Historically, it is of interest as a building that is designed in a style that appears to belong to the early modernist period of twenty years previously, and is by far the last major building designed in this tradition in Victoria. It is also of interest as the headquarters of one of the major petrol companies in Victoria, which were all undergoing great expansion at that time, and for originally incorporating a petrol station at the ground level.

So, it is the last building designed in a style that was already passé when it was constructed in 1958. And the fact that it was occupied by a major corporation – even a petrol company – shouldn’t be surprising for a building located in the city centre. That’s possibly fascinating, but it’s not the sort of history that justifies preservation when there are alternative uses for the site.

Appearance is always a very subjective topic, but to my eye and, it seems, many others, the staircase is interesting. It’s a sort of melange of Russian Constructivism meets Disney Tomorrowland. Some have labelled it (wrongly) as ‘iconic’. But as visually arresting as it is to the citizens of 2011, it’s neither architecturally nor historically an especially significant staircase.

In fact I suspect it’s much more attractive to contemporary sensibilities that it ever was in its day (would Robin Boyd have labelled the staircase Austerican featurism?). That however is not a compelling reason for preservation because ‘interesting’ looking buildings needn’t be in short supply – we can always build new ones, maybe even more interesting ones.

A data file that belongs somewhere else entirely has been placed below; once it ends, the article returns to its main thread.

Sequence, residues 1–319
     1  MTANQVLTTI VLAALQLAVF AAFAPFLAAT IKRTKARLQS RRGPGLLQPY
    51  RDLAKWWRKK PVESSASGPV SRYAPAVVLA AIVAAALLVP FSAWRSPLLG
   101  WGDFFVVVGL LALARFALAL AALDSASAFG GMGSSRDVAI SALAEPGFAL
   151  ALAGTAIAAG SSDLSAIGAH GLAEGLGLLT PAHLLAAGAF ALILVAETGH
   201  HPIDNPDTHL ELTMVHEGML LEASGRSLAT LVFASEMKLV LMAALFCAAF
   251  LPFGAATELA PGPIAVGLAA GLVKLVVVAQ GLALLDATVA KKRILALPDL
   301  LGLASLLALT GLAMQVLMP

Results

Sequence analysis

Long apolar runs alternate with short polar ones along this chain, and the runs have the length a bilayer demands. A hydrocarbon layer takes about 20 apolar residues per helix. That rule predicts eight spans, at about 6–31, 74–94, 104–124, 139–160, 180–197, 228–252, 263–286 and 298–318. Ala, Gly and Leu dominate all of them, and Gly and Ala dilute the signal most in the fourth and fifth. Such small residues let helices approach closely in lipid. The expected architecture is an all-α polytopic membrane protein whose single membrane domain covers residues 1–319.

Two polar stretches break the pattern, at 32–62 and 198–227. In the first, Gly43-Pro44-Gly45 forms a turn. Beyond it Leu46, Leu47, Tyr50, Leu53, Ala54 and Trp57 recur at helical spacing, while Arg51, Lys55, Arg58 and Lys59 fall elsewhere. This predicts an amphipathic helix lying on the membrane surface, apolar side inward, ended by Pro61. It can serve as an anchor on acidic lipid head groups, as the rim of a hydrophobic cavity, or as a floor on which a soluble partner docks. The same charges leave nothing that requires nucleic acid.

Stripped of the bunkum about ‘significance’, the streetscape would be no worse off if Elizabeth Tower were replaced by a building that is at least as visually interesting. And that brings us to the core issue – judging by the only picture I could find of it (see picture under fold), the appearance of the proposed replacement building is, to put it nicely, a little bland compared to that dramatic staircase. I’ve no reason to doubt the new building is a tour de force in all other respects and a credit to its designers, but it will inevitably be compared to its predecessor and on that score it appears somewhat underwhelming.